The railway projects will have to carry a double financial responsibility, for they must become currently self-supporting and at the same time service the prewar foreign railway loans of about $265,000,000; but with efficient management it should be quite possible for them to do so. Chinese railways showed a minimum increase of 30 percent in revenue and a maximum increase of 100 percent, during any given five-year period in the past. Their remarkable prosperity was due to the virtual monopoly of transportation service which they enjoyed (and would continue to enjoy under the plans outlined above), the abundance of cheap fuel along the railway routes, and the exceedingly -- though deplorably -- low labor costs in China. To ensure financial soundness and efficient management, the expanded railways must be integrated into one system, however. A central administration with regional offices, supervised by a board of directors representing various public and government interests should shape policy and appoint administrators; but there will not be efficiency unless the chosen executives are permitted to work without political interference. Under such a setup, the old railway obligations could be converted into a consolidated loan, backed by a common sinking fund established from the revenues of all the lines. The fund could be supervised by a loan service committee composed of representatives of the government and the creditors, and new loans might be handled in the same way if the creditors so desired.
Private ownership and operation of railways in China was permitted before the war, under certain conditions, and the government will need the aid of private enterprise in building the railway network. In particular, private companies can construct a system of feeder lines serving special economic and regional interests under general government planning; and their competitive service can stimulate the government railways to be on guard against inefficiency and bureaucracy.
In 1937 there were about 1,200,000 tons of merchant shipping along the China coast and on the Yangtze River, approximately 500,000 of which were Chinese. When the Japanese invasion began, some Chinese ships were scuttled to block strategic channels, and others which had taken out foreign registry were seized by the enemy. About 110,000 tons of Chinese shipping are safe on the upper Yangtze, where about thirty of the vessels are in use and a number are lying at anchor, most of them smaller than 200 tons. It is hard to say now how much of the commandeered shipping will be available after the war, but to cope with immediate postwar requirements, which will be especially heavy until the railroads are in running order, China will need at least 1,000,000 tons over and above what may be saved from the Japanese.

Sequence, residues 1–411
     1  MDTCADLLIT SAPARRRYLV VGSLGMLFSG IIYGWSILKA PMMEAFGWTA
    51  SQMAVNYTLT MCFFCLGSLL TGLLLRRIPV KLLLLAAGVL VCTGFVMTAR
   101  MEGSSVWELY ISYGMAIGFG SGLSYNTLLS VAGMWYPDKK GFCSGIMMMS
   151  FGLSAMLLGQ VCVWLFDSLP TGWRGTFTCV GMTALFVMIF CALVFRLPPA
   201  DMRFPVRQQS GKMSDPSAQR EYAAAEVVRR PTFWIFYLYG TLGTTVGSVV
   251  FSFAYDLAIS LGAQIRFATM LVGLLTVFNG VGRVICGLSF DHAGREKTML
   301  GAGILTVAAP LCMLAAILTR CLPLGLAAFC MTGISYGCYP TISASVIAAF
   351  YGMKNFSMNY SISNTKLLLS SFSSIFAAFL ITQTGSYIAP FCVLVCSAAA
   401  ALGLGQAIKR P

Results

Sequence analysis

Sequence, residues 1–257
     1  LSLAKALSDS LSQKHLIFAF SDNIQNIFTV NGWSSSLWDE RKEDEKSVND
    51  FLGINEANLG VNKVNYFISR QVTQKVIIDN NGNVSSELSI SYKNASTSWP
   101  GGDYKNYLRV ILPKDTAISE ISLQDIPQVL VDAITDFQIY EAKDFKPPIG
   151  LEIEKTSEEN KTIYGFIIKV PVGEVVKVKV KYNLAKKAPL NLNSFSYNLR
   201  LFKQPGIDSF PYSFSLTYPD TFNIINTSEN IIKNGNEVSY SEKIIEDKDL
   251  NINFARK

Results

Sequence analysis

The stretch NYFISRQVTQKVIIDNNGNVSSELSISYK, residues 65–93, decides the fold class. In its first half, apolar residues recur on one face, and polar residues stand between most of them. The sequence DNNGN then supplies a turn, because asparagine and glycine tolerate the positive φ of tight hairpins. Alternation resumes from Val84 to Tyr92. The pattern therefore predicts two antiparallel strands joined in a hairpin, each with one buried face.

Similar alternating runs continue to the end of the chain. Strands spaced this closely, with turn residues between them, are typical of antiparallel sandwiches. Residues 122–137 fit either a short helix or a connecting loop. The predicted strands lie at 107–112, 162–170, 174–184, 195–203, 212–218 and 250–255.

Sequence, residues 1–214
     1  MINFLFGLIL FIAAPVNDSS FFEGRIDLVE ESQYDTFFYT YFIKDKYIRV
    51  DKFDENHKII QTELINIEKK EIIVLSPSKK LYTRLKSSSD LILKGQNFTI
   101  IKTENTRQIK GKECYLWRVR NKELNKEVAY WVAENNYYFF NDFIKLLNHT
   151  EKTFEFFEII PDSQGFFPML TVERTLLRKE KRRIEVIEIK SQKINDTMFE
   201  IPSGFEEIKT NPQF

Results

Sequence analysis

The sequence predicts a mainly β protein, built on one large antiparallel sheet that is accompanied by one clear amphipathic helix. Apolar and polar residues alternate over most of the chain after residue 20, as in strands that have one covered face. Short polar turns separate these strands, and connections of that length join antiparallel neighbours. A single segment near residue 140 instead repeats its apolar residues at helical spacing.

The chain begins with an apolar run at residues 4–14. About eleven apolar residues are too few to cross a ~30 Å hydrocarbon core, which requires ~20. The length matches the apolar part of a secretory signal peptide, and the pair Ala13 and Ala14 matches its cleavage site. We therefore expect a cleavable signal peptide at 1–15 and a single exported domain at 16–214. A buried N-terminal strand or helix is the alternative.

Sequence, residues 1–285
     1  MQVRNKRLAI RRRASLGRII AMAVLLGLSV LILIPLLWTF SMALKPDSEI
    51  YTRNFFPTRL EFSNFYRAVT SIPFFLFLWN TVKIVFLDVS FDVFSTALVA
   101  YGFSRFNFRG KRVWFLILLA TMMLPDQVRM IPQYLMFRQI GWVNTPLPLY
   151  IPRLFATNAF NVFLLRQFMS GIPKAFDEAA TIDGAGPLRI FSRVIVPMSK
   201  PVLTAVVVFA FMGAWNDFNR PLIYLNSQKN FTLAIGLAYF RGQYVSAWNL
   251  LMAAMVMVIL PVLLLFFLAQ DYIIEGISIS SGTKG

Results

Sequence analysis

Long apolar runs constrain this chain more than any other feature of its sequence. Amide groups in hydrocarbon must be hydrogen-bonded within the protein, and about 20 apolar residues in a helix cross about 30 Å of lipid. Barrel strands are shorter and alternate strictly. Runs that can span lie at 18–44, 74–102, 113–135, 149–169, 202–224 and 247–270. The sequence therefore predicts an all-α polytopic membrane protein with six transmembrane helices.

The problem of postwar shipping, like that of railroad development, can best be dealt with in two stages -- rehabilitation and then expansion. The minimum needs of the first two years are 100,000 tons for use on the Yangtze, and 300,000 for service in coastal and neighboring waters; and about 600,000 tons more of replacement shipping will have to be built soon thereafter. In addition, the wharves and installations which will presumably be destroyed by the retreating enemy at Shanghai, Tsingtao, Dairen, Hankow and elsewhere will have to be repaired. A rough estimate of the cost of a two-year rehabilitation program is $300,000,000. A national objective of 10,000,000 tons of shipping was set by Dr. Sun Yat-sen in the early days of the Republic, and it has recently been proposed that a goal of 2,000,000 tons should be set for the first ten-year period following the war.
Now that the United States, Great Britain and other nations have relinquished their extraterritorial rights, ships carrying traffic on inland waterways and between coastal points will fly the Chinese flag and be owned by companies registered under Chinese law. But foreign investments in Chinese shipping firms will be possible on a percentage basis to be determined by the government, with the understanding that over a fixed period of time the foreign capital will be retired. With government consent, foreign shipping en route to or from a foreign port could carry cargo between coastal points, provided that a contract to cover each consignment were agreed upon with a Chinese shipping concern. Such an expedient would greatly ease the burden on Chinese shipping, which will be insufficient to meet the country's needs during the immediate postwar period.